I have had so many students, over the years, ask me how they can make a living as a poet. My answer is always the same, “with great difficulty.” At least, that is true of being paid to write poetry or to get paid to publish your poems. In all the years I’ve been writing and having my work published, I have only been paid twice, and both times, it was in the form of an award.
The way, I’ve found, to make a living doing what you love, living poetry, is to either teach it, in a classroom or in private or sponsored workshops, or become involved in the publishing of poetry.
Many years ago, I was lucky enough to be invited to conduct poetry workshops by Poets in Public Service. I conducted workshops with children from grade school through high school. I taught what poetry is, how thoughts and emotional reactions, evolve into a poem on the page. I taught about imagery and alliteration, about hyperbole and enjambment. I taught how to take your innermost feelings and turn them into words and images that resonate with others. And then, I taught them that for a poem to be a whole poem, it must be shared. And so, after working with a class for several weeks, students would present their poems in the form of a performance.
I was fortunate enough, while working with Poets in Public Service, to meet an amazing music teacher/specialist, Judith A. Thomas and to work with her, conducting independent workshops, for almost thirty years. We taught together, children, teachers, educators, and businesspeople, and we made a living doing what we loved, being a poet and being a musician. We had our students write poems from a prompt (anything from listening to the sound of whale songs, to going outside, stretching out on the grass and “cloud dreaming”) and then take their poems and translate them into music and movement. The results were astounding!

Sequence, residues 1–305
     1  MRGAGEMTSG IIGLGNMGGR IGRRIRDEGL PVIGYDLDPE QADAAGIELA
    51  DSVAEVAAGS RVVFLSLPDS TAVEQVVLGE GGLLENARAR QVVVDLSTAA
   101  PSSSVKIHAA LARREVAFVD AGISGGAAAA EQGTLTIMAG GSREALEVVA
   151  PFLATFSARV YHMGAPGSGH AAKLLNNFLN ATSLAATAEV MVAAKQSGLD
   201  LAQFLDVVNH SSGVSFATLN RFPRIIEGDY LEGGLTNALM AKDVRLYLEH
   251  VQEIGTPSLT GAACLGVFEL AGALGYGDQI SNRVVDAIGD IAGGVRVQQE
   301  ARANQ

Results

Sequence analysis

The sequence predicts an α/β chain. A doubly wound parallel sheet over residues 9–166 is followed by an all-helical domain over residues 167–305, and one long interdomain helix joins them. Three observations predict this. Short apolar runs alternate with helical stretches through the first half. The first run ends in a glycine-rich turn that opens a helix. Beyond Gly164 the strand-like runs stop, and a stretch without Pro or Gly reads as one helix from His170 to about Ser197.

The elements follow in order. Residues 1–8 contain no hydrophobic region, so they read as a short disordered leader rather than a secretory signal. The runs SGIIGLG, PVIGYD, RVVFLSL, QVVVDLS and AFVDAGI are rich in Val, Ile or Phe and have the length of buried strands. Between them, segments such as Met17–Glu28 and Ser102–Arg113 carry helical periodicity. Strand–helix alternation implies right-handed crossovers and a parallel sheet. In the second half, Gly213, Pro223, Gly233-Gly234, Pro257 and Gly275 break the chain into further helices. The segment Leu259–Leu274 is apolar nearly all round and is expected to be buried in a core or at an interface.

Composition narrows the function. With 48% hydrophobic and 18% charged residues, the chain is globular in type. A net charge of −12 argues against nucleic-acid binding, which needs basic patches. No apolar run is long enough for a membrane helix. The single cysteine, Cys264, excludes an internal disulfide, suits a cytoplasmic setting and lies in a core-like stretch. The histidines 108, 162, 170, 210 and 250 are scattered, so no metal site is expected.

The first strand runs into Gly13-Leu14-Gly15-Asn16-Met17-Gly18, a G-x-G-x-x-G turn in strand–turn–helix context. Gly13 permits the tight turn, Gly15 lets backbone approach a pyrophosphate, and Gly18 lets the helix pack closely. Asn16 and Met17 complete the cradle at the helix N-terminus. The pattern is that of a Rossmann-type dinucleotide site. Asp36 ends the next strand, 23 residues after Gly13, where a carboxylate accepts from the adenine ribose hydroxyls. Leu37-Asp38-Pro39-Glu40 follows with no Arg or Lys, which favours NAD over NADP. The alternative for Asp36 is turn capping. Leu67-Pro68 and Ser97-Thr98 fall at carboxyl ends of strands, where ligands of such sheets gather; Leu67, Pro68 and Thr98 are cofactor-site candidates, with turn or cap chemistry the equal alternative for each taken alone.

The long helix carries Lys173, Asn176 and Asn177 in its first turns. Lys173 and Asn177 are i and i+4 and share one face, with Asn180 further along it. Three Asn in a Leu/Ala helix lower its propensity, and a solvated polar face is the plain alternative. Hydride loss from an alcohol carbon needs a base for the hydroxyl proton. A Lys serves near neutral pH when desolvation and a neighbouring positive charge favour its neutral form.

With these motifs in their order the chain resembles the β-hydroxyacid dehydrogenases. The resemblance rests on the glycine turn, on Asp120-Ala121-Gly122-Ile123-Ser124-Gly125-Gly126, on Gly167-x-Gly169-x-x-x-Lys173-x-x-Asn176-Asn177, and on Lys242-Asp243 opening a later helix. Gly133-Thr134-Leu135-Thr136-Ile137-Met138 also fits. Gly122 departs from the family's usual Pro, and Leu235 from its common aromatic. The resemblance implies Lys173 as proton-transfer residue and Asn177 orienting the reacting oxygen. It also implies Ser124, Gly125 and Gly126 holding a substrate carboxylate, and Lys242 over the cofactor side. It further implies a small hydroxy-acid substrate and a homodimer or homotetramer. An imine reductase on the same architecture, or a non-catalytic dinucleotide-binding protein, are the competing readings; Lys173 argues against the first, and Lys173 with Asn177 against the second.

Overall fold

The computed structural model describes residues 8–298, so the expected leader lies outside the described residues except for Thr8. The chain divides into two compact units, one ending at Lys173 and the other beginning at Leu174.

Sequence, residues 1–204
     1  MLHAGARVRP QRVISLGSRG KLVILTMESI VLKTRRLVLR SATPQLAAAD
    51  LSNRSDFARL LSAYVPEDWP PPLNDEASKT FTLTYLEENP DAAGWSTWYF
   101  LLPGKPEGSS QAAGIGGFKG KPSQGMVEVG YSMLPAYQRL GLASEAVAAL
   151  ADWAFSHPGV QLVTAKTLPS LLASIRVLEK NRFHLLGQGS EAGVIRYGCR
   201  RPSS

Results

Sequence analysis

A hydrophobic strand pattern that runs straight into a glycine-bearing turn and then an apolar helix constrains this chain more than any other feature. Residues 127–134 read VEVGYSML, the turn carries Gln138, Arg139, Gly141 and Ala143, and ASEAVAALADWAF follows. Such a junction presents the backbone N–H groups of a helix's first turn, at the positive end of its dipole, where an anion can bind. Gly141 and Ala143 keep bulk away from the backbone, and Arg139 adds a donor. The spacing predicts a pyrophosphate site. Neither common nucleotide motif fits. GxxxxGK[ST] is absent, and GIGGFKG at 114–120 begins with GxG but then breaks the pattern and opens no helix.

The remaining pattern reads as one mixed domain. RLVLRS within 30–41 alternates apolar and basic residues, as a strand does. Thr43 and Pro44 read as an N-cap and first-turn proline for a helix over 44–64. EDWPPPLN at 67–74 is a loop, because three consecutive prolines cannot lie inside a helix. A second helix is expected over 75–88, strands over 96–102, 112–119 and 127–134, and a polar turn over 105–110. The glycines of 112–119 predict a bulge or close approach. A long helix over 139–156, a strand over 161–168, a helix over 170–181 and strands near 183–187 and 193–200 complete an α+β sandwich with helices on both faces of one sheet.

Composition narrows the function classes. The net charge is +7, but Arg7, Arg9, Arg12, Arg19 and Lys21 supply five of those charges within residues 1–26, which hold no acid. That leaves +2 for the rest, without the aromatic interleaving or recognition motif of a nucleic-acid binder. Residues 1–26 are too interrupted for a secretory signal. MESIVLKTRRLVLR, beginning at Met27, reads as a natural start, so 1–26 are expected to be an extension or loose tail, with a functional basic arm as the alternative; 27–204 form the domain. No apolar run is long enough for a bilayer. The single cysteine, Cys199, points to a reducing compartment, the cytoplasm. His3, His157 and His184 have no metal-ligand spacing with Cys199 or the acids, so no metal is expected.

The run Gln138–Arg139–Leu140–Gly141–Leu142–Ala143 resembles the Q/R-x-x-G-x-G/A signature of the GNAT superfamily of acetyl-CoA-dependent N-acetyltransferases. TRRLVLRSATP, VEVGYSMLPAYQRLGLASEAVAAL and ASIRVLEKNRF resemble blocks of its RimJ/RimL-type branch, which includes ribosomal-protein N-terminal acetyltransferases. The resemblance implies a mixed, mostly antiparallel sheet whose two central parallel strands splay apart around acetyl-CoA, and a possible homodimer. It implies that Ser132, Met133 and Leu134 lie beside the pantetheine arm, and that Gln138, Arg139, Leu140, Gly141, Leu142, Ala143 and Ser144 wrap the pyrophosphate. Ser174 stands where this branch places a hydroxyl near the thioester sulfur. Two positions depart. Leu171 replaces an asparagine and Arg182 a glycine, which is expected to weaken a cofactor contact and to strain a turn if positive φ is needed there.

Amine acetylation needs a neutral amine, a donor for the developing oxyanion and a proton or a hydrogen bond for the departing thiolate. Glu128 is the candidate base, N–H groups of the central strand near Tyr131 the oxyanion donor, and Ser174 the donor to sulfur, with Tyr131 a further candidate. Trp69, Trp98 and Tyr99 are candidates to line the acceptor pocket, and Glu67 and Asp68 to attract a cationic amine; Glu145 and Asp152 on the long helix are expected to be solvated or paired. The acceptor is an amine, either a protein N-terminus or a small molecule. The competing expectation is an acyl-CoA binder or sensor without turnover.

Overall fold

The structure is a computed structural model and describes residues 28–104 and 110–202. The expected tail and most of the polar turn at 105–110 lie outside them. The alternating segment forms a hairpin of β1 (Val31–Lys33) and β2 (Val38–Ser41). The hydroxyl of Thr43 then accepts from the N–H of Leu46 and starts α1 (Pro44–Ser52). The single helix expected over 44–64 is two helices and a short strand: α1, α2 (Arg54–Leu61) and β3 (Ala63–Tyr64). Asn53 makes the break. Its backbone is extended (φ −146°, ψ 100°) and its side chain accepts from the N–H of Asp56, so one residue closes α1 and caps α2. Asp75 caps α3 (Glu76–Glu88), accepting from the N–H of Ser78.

Together, Judith and I, traveled from New York to California, and on to Toronto, Canada inviting, inspiring, validating people’s need to write, passion to be a poet. It was not only a joyful endeavor, but it was also financially rewarding, as well.
I never got involved in the publishing of poetry, but I do know some poets who began their own poetry magazines or, put together anthologies and then, sold them and made some profit doing so. In the end, I would encourage you to write poetry because, writing poetry is what fulfills you, validates you, inspires you. It is why I have always written and will continue to write.
Making a living is important. Making a living doing what you love, is magical. I do hope, all of you who have asked me “how do I do it” will find your own answers. Not to be trite but, “where there’s a will, there’s a way.”